Although Africa is a continent rich in natural resources such as ore, minerals, precious stones and metals, it tends to be overlooked by expatriates when they are looking at working overseas. The main reason for this is the continents reputation for economic, social and political problems which tend to scare of expatriates. This leaves a very small amount of foreigners who are willing and eager to relocate to Africa for work. Most of the reports that filter out of Africa are negative and revolve around civil war, poverty, political instability and the rampant aids epidemic. This is enough to scare away the majority of mining expatriates, particularly when they have families they need to take into consideration.
What expatriates looking at working overseas tend to not hear, or if they do, to overlook, is that Africa is a hugely diverse continent, which is unbelievably beautiful, and rich in culture and tradition. It also offers beautiful weather, which is particularly attractive for those coming from the northern hemisphere. There are also many employment opportunities for adventurous expatriates who are up to the challenges of working in a continent so different in every possible way to where they come from. There is also plenty of opportunity with multinational mining companies that offer lucrative expatriate positions in Africa.
One does need to keep in mind though, that Africa does have its problems, and due to the on-going brain drain from Africa, this trend is likely to continue as the need for mining professionals in Africa intensifies. So if you are a mining expatriate and are up for an adventure of a life time, there are many countries in Africa that create incentives for foreign professionals to come and work, and the process of obtaining a work permit can be a lot easier than in other regions.
South Africa has generally been the most popular country in Africa for expatriates. South Africa is the most developed country in Africa. It has also for some time now, been particularly attractive to expatriates from the United Kingdom. South Africa’s beauty, climate and low cost of living have attracted a number of expatriates over the years, many of whom have stayed on permanently and ended up retiring in South Africa.
Working as an expatriate in Africa does however have its challenges. Many countries in Africa have issues around transportation. Water and electricity supplies can be extremely unreliable and frustrating, and poverty and unemployment are abundant. Working in Africa is definitely not for the faint hearted. There are parts of Africa that are better developed, mainly in Northern and Southern Africa, but many countries in Africa are very poor. Crime and theft can be a problem in many parts of Africa, mainly sparked off by the poverty and unemployment numbers so prevalent in Africa. Malaria, tuberculosis and HIV are prevalent in most parts of Africa. Many expatriates will find that the healthcare in many parts of Africa is well below standard, although South Africa and Kenya offers excellent private health care and education.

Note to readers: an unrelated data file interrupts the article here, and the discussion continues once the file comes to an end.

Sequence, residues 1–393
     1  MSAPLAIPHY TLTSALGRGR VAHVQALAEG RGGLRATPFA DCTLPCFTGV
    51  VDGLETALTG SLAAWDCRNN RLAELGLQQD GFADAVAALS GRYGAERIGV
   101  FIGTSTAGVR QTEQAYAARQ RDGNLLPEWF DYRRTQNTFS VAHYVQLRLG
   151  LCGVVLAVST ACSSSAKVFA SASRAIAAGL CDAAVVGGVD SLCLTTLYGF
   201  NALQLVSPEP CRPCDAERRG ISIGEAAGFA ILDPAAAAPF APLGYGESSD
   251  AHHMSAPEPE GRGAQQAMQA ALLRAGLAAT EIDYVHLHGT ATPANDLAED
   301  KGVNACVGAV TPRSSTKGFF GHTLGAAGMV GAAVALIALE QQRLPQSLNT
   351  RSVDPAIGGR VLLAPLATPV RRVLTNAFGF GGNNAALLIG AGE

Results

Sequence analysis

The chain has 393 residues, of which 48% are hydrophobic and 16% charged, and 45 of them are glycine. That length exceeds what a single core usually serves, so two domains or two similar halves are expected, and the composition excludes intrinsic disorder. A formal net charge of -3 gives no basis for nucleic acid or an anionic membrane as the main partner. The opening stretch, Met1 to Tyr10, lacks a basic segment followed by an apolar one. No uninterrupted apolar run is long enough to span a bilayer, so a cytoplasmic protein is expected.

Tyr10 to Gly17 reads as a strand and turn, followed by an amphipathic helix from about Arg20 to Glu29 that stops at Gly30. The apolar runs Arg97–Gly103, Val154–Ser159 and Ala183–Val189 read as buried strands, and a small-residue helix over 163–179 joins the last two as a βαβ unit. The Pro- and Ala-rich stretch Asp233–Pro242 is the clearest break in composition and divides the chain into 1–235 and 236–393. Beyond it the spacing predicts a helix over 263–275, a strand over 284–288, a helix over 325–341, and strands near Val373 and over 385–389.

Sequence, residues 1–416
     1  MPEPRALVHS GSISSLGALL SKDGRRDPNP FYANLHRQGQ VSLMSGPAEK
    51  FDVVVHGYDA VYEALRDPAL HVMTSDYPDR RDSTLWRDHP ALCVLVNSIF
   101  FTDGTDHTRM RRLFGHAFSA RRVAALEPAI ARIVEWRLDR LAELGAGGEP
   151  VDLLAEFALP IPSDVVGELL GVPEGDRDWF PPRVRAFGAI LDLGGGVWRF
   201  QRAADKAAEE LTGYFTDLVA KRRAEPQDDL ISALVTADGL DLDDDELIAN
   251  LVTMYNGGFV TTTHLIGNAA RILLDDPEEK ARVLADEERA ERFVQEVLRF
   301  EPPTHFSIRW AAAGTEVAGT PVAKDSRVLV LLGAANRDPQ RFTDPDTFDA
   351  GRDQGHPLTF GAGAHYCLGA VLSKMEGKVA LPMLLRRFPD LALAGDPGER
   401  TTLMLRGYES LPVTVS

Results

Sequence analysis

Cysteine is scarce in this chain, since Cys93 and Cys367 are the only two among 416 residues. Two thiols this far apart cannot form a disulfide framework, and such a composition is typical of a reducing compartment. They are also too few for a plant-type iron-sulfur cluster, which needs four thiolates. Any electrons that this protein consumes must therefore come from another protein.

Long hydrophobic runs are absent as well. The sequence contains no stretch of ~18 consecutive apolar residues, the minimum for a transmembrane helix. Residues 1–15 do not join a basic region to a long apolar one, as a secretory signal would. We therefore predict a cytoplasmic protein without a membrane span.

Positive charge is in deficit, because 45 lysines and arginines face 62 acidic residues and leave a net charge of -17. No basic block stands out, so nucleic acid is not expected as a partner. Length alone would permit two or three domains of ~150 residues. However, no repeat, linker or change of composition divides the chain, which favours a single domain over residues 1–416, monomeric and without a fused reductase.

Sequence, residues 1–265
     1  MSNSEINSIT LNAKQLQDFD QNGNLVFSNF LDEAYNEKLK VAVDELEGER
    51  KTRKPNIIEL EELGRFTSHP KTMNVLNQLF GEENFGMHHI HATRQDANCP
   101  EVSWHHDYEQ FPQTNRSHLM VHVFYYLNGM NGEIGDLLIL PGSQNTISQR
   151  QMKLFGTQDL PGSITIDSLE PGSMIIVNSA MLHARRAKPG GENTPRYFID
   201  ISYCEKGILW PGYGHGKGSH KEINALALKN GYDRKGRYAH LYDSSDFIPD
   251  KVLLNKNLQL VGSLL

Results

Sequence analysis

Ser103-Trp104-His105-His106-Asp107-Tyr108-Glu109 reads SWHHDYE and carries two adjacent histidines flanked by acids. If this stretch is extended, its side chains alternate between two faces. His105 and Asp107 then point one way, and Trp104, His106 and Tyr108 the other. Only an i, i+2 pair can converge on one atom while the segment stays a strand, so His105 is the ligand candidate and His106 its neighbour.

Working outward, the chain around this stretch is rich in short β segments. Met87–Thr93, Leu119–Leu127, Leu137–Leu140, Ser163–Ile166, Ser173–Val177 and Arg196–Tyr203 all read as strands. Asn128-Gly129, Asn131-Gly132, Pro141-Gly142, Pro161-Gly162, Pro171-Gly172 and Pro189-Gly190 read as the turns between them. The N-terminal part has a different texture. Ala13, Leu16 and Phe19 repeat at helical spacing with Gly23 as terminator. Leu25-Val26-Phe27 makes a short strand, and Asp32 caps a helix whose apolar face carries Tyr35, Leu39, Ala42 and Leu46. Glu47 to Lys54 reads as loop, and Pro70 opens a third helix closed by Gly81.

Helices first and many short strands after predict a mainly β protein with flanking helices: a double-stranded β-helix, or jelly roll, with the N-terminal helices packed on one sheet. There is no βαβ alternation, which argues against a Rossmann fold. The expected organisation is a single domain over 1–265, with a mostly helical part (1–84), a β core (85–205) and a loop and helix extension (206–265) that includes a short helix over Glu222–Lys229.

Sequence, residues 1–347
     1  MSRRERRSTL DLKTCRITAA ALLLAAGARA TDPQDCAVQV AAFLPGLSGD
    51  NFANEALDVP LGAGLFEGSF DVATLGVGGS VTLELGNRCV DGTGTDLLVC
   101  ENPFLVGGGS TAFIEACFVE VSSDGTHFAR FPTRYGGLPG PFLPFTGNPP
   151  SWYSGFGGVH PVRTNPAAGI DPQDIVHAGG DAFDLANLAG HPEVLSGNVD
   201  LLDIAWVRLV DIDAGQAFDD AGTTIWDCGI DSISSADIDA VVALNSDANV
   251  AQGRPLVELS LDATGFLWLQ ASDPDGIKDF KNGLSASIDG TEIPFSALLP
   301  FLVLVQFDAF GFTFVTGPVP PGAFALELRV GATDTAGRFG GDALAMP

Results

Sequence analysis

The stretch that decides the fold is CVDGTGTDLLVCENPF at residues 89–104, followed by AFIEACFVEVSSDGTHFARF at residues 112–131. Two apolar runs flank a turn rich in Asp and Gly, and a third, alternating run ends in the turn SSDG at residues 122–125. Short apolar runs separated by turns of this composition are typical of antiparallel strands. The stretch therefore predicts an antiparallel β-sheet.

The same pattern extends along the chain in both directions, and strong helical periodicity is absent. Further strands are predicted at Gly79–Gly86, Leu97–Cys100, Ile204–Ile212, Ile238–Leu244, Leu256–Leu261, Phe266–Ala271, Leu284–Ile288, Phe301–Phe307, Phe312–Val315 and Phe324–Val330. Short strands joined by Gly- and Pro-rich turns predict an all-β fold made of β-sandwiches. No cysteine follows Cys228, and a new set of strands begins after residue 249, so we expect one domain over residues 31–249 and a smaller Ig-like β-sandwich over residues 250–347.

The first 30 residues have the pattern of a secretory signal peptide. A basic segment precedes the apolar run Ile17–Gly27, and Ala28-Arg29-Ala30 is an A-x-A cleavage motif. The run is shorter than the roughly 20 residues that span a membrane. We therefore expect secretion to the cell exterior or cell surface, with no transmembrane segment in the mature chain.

Although South Africa is the wealthiest country in Africa, and has very good private healthcare and excellent private schools, violent crime is extremely high, which can be a concern for many expatriates. Part of the reason for the brain drain in South Africa can be attributed to its high levels of crime, which is also creating a problem in attracting skills from overseas.
Expatriates in Africa are generally paid extremely well. In addition to receiving highly competitive salaries, many companies will also offer risk benefits. Many companies will also offer housing, often also offering schooling for children, company cars, and excellent leave including one or more flights back home to the employee’s country per year. Medical cover will generally also be offered, often including broad coverage that could extend to check ups in South Africa or overseas, and medical evacuation coverage. If you take all of these costs into consideration, it means that the cost to companies employing expatriates in certain areas of Africa can be extremely high.
However even with the highly competitive salaries and numerous perks offered to expatriates there are still many areas of Africa where expatriates simply do not want to live, regardless of how good the money is, for reasons around security, lifestyle, health and education. For this reason because of the locations of mines in certain areas of Africa, many mining companies will employ people on a FIFO basis rather than having them based there permanently. It is common in areas such as the Democratic republic of Congo for companies to offer a rotation basis, where they employee would work for 7 days a week for seven or eight weeks, and then have a couple of weeks where they are flown home. There are also a number of mining companies that will employ 2 people per job, and rotate them according to the FIFO requirements.
According to CostMine’s African Mine Salaries, Wages and Benefits 2012 Survey Results, it appears that expatriate salaries in Western African countries are higher than those in Southern and Eastern Africa. Although South African salaries are typically not viewed as expatriate salaries. There also appears to be a significant discrepancy between national and expatriate salaries for most of the African countries (excluding South Africa) where expatriates are earning substantially more those working locally.
So if you take all the above into consideration, if the expatriate life is one that you enjoy, and you love an adventure, when you take all the good and the bad that goes along with Africa, it has a way of getting into your blood. Regardless of whether working as a mining expatriate in Africa is going to be something that you would want to do for the rest of your life or not, you can be guaranteed that it will be an adventure of a lifetime and not something that will be forgotten easily.